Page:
Detroit, MI
GeoSpray®: Non-Reinforced Concrete Sewer Lining

Project Overview

In May 2016, a massive sinkhole formed underneath Tireman Avenue in Detroit, Michigan. The root of the problem was a fractured sewer line. A damaged pipe leading to a major concrete interceptor caused heavy infiltration, which in turn resulted in soil loss around the interceptor at the fractured location of the pipe. The soil loss eventually worked its way to the surface to create a 12-foot wide sinkhole, forcing the closure of Tireman Avenue and major public disruption. The pipe was directly below multiple utilities, including a 16-inch high-pressure gas main. If the interceptor totally failed, then the utilities were at risk of catastrophic damage.


The 1930’s design had the flow from the connection emptying near the crown of the interceptor, and this vertical drop created turbulence and ultimately the formation of H2S gas, which ate away at the secondary liner. This corrosion was discovered when the sinkhole appeared, but had been corroding for decades.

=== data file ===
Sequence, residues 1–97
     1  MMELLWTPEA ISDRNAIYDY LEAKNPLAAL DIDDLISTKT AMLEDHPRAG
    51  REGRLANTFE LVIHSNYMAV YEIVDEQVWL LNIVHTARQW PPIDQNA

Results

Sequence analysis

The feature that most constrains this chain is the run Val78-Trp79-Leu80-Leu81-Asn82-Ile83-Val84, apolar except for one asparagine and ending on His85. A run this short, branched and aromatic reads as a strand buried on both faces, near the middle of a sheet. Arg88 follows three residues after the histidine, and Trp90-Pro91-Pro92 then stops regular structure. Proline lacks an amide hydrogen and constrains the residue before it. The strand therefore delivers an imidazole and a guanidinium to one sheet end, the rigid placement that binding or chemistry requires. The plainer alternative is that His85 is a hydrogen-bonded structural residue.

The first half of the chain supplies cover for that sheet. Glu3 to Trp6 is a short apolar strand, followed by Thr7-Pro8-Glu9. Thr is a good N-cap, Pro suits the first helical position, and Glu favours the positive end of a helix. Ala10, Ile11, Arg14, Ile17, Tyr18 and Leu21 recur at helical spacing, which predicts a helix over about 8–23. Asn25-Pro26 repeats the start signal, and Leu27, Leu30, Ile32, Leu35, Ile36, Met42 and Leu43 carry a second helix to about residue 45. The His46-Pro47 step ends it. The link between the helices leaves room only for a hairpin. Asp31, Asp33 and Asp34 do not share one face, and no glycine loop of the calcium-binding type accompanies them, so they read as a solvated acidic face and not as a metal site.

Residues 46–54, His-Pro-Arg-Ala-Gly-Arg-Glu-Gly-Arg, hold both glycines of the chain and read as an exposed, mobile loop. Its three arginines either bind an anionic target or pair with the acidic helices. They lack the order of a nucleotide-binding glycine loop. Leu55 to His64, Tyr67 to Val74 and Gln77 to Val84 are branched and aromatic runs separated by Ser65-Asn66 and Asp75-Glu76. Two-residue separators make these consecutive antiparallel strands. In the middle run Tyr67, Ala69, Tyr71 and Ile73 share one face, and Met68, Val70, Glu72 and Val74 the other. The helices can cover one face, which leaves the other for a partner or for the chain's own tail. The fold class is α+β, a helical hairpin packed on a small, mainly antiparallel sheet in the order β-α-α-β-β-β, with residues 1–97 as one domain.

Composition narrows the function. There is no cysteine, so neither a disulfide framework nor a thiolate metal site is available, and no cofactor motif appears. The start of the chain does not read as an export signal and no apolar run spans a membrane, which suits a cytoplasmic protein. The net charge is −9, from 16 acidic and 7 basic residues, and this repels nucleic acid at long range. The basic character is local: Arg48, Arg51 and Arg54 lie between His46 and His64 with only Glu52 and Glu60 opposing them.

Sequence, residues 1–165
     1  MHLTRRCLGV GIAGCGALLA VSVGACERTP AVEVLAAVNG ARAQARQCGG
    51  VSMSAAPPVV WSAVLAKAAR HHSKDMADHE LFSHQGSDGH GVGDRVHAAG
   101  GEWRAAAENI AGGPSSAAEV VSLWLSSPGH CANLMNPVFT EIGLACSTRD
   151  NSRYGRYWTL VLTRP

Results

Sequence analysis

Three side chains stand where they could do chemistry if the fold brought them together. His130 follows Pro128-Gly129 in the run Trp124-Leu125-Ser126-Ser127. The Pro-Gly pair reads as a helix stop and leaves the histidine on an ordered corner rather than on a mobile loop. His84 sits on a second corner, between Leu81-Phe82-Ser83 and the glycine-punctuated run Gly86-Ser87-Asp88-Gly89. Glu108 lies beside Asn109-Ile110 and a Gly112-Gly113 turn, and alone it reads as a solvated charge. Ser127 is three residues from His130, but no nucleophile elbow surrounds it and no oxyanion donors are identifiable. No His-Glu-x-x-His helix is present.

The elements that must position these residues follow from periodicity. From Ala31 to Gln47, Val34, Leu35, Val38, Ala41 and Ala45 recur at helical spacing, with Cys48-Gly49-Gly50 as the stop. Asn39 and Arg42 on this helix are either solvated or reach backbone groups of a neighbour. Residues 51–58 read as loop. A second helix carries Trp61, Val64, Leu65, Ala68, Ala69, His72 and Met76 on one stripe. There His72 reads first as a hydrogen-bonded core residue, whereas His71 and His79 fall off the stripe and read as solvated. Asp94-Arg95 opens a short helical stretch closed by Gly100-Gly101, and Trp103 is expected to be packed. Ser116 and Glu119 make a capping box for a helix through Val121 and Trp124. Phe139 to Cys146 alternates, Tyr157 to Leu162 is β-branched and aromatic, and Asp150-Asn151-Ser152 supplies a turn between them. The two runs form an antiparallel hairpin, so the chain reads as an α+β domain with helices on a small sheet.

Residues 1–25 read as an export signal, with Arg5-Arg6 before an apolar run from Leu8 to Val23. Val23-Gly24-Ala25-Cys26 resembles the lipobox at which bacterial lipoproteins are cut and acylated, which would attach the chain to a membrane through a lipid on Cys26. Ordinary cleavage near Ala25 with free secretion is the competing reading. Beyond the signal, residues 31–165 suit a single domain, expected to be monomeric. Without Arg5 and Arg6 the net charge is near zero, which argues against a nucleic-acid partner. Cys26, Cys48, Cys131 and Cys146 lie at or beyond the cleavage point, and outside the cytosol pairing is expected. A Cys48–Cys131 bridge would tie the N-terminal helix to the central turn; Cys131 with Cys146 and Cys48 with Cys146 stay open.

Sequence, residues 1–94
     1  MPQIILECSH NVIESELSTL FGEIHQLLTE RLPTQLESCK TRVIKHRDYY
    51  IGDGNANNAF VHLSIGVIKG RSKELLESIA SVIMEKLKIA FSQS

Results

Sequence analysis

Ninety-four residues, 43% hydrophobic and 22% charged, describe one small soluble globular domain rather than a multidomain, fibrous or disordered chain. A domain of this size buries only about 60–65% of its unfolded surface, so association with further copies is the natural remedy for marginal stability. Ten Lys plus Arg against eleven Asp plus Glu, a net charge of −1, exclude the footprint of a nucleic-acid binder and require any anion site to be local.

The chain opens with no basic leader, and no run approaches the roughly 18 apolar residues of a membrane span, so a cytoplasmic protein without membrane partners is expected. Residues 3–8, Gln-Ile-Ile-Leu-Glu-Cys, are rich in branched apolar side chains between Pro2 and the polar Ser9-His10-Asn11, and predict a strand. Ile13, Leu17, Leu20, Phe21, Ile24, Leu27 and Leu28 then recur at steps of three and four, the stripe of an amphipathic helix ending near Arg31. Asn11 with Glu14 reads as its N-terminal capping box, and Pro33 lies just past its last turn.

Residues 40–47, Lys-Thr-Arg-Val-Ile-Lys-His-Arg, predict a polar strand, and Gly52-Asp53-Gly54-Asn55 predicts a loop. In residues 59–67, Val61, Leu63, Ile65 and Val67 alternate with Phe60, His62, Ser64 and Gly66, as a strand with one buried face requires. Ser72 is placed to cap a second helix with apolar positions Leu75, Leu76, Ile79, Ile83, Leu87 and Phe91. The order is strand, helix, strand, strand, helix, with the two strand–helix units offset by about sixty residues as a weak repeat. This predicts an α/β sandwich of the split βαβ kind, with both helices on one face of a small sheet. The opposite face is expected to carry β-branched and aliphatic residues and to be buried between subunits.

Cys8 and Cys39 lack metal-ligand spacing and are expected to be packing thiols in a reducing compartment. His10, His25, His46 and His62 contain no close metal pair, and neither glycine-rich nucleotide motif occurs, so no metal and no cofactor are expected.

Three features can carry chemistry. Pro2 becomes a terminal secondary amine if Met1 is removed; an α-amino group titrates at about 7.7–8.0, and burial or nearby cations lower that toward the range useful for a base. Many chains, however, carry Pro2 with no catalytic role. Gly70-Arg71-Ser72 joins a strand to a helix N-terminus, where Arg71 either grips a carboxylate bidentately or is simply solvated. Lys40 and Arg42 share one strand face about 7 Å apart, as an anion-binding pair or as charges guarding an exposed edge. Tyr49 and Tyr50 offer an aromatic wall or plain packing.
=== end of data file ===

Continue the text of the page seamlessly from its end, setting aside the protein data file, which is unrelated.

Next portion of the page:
The straight section of the interceptor was repaired with a 78-inch HOBAS pipe. The curved portion of the interceptor, however, made it unsuitable for this type of rehabilitation. IWPC proposed and designed an alternative repair, which included the installation of conventional "I" section ribs with tie rods for reinforcement and wood lagging in between, followed by the application of GeoSpray® geopolymer mortar as a preferred structural repair solution for this section of the project. When the area had been cleaned, relined and grouted, GeoSpray® mortar was sprayed onto the new ribs and lagging. Grade nails were installed to verify the specified 1.75-inch thickness required for the curved portion.

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